As it turns out, the peak demand for summer 2008-09 was much higher than that estimated by ALL of the entrants in our competition. Hence, we were all collectively surprised by what happened.
Hence, it looks like we were all wrong, and a longer-term review of history was in order…
What if we looked over 11 years of history, instead?
With this thought nagging us, we finally found the time (this week) to have a look further back into history.
We looked as far back in history as we have similar data for the whole of the NEM (back to NEM-start on 13th December 1998). The following is what we found:
Our first chart provides a view of the peak summer demand for each of the 11 summers experienced since the start of the NEM.
As noted in the chart, keep in mind that the Tasmanian region only joined the NEM in time for summer 2005-06 – which accounts for some of the step-change in demand we can see from summer 2004-05 to summer 2005-06.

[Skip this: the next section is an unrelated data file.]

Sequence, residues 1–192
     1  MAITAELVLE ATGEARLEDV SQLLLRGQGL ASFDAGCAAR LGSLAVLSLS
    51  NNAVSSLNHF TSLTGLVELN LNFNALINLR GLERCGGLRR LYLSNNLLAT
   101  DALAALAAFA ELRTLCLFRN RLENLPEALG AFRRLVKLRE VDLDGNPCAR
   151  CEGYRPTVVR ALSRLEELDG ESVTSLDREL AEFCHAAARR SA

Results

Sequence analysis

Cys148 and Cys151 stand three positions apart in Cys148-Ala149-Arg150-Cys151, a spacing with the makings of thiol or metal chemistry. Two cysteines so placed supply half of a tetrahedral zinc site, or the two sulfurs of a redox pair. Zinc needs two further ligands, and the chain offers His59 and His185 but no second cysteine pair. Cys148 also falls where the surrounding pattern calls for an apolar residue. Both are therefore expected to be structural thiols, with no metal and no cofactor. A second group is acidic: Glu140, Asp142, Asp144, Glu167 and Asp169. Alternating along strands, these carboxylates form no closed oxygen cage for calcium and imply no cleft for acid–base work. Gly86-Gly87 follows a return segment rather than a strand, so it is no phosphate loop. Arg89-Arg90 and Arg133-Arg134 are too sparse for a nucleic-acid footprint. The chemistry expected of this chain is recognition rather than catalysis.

We checked, and the Tasmanian region demand was 1,124MW at the time of peak NEM-Wide summer demand in 2005-06. Hence, you can use this number to gauge the effective year-on-year growth in demand prior to this.
With the straight black line on the chart, we indicated what the growth trajectory would have been like had it been uniform over each of the 10 year gaps to summer 2008-09. In doing so (see at the left-hand end) we have “stepped up” demand in years prior to summer 2005-06 by 1,124MW – to reflect what would have been the case (roughly) if Tasmania had been part of the NEM in earlier years.
From this chart, it can be clearly seem that the level of peak demand seen in the 4 previous summers (2004-05 to 2007-08) was lower than would have been expected, if just interpolating over the 11-year range of NEM history.
In other words, part of the reason the NEM-Wide demand peak in summer 2008-09 seemed so high was that the previous 4 summers had been relatively mild ones (in terms of the levels reached for NEM-wide demand).
Hence, those who had been mainly looking at the past couple of years of history (including us) to predict what would happen in summer 2008-09 were lulled into a false sense of security.
Let’s look more closely at the Year-on-Year growth in peak demand
We next took the data shown above to calculate what the growth in demand was, on a year-on-year basis. This is shown in the following chart: